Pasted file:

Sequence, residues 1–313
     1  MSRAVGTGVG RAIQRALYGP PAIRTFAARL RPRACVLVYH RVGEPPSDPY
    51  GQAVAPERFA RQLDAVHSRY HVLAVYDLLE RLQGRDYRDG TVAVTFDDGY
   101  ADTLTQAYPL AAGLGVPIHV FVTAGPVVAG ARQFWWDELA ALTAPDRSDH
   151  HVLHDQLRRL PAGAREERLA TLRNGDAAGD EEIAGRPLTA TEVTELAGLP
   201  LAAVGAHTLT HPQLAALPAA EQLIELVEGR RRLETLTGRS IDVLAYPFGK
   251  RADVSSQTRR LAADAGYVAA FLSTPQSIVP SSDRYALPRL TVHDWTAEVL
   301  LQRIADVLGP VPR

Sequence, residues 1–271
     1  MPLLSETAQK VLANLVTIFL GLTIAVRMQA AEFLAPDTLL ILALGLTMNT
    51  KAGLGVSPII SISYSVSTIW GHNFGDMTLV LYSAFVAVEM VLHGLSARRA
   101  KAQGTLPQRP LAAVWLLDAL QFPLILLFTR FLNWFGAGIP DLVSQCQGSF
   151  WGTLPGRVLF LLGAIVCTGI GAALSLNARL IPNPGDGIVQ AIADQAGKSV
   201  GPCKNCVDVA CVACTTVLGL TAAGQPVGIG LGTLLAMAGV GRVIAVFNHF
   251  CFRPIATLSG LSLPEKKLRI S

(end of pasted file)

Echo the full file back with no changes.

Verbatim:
Sequence, residues 1–313
     1  MSRAVGTGVG RAIQRALYGP PAIRTFAARL RPRACVLVYH RVGEPPSDPY
    51  GQAVAPERFA RQLDAVHSRY HVLAVYDLLE RLQGRDYRDG TVAVTFDDGY
   101  ADTLTQAYPL AAGLGVPIHV FVTAGPVVAG ARQFWWDELA ALTAPDRSDH
   151  HVLHDQLRRL PAGAREERLA TLRNGDAAGD EEIAGRPLTA TEVTELAGLP
   201  LAAVGAHTLT HPQLAALPAA EQLIELVEGR RRLETLTGRS IDVLAYPFGK
   251  RADVSSQTRR LAADAGYVAA FLSTPQSIVP SSDRYALPRL TVHDWTAEVL
   301  LQRIADVLGP VPR

Sequence, residues 1–271
     1  MPLLSETAQK VLANLVTIFL GLTIAVRMQA AEFLAPDTLL ILALGLTMNT
    51  KAGLGVSPII SISYSVSTIW GHNFGDMTLV LYSAFVAVEM VLHGLSARRA
   101  KAQGTLPQRP LAAVWLLDAL QFPLILLFTR FLNWFGAGIP DLVSQCQGSF
   151  WGTLPGRVLF LLGAIVCTGI GAALSLNARL IPNPGDGIVQ AIADQAGKSV
   201  GPCKNCVDVA CVACTTVLGL TAAGQPVGIG LGTLLAMAGV GRVIAVFNHF
   251  CFRPIATLSG LSLPEKKLRI S